So, the question is not whether we, as Christians, are to show tolerance to fellow believers, but to what extent are we to be tolerant? Is there a difference in tolerating a Christian who smokes a pipe and tolerating a Christian who is involved in a homosexual relationship? Should we distinguish between tolerating one who is a non-cessationist and one who denies the Trinity? These are the issues that will inevitably arise when discussing the issue of tolerance in a postmodern society. The first thing that we, as Christians, need to establish is that some type of tolerance is mandated in Scripture. We will shortly decide what this tolerance looks like and how it plays out.

Christian Relativism?

Before we can begin to define the ways in which Christians are to be tolerant, we must first fit another piece into the puzzle. This piece is the issue of relativism. Again, relativism is at the heart of the postmodern epistemology. It is not uncommon to hear one say, “Christ is my way to God, but I don’t push my beliefs on others.” Or, “Western Christianity has no right to push its beliefs on others who are perfectly comfortable with their religion and have been for hundreds of years.” Relativism is the idea that truth is contained only in the eye of the beholder. Like the Peanuts cartoon I referred to earlier, “It doesn’t matter what you believe as long as you are sincere.” To the relative postmodern, all truth is contingent upon the situation, culture, or language of the person. With relativism, a moral truth can be true and binding for one person, while for another it is not. Having an abortion may be wrong for one person and right for another. Likewise, the true relativistic postmodern may claim that two conflicting statements can both be true at the same time. For example, one may claim that Jesus Christ is the Son of God and another could claim that He is not the Son of God. To the postmodern, both of these statements could be true at the same time. The law of non-contradiction is not binding to the relativist. A new law has taken its place, the law of relativism.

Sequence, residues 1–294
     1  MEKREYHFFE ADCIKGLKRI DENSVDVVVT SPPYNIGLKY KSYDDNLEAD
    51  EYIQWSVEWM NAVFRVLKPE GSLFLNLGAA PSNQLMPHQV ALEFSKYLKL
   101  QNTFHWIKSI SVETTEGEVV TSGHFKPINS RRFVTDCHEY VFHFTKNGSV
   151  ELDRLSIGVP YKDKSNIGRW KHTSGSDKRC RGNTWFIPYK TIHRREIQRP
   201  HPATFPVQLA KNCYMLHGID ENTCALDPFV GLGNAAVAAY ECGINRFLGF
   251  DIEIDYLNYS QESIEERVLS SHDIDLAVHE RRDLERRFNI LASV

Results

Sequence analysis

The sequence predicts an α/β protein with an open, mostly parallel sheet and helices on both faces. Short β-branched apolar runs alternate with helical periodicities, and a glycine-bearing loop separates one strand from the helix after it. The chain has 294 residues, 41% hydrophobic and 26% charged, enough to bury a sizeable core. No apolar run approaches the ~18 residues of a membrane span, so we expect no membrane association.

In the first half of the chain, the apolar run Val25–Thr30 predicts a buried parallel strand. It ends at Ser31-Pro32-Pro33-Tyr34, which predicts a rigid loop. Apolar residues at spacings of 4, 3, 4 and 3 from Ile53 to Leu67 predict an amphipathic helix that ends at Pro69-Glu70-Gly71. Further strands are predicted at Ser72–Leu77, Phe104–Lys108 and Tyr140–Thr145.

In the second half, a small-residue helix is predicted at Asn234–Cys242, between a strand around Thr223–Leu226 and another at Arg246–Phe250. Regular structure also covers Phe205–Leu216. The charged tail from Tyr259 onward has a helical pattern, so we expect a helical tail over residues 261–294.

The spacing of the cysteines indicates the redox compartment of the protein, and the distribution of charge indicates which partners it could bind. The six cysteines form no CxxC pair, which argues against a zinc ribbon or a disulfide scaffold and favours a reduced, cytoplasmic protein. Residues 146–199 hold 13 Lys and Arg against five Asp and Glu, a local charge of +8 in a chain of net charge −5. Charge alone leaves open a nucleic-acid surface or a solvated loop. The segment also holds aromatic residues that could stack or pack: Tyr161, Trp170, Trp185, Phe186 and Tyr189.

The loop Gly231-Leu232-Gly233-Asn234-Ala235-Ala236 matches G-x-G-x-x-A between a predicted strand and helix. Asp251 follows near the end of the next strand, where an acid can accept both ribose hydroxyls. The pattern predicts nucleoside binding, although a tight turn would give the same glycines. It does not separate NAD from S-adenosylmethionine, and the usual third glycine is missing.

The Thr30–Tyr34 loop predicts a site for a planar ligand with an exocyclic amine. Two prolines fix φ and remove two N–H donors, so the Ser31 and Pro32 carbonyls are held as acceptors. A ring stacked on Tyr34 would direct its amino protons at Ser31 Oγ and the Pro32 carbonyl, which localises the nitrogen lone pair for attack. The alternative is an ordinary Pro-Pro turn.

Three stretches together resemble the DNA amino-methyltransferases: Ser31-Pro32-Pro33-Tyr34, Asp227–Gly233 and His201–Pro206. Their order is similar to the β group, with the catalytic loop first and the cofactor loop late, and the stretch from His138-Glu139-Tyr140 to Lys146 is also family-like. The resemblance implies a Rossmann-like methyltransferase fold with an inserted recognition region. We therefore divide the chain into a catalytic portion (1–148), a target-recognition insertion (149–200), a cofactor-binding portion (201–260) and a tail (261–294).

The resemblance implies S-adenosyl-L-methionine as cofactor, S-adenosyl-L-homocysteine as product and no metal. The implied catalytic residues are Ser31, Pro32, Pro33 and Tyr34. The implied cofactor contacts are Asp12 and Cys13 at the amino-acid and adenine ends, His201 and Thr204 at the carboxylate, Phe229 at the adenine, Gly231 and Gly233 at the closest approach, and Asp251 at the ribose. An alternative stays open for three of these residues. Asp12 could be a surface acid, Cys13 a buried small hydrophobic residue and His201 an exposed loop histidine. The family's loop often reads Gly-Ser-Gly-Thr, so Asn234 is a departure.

This proposal from the postmodern that all truth is relative has again caused the Church to be on the defensive. The tendency for the Christian is to fight absolute relativism with the opposite extreme, absolute objectivism. Absolute objectivism believes that all truths are objective in the same way absolute relativism believes that all truths are relative. Objective truths are just the opposite of relative truths. They do not depend upon the situation, culture, language, or any other variable. Objective truths are truths that exist in and of themselves. They are true even if nobody believes them to be true. An example of an objective truth may be the fact that I have daughters named Katelynn and Kylee or that the sun shines. These are truths that exist independently. They do not need anything to affirm them in order for them to be true. As Christians we emphatically affirm the existence of objective truths. It is one of the bedrocks of Christianity. It is because of the objective truth of the atonement that you and I can have access to God. It is because of the objective truth that God created us that we exist. There is no room for relativity in these matters. It is our job to defend many of these objective truths at all costs. But this is usually where we, and our extremist nature, often take things too far. While it is our job to defend certain truths at all costs, it is not our job to defend all truth at all costs. In order to counter the one who believes that all truth is relative, we may state that all truth is objective. But is that true? Is all truth objective?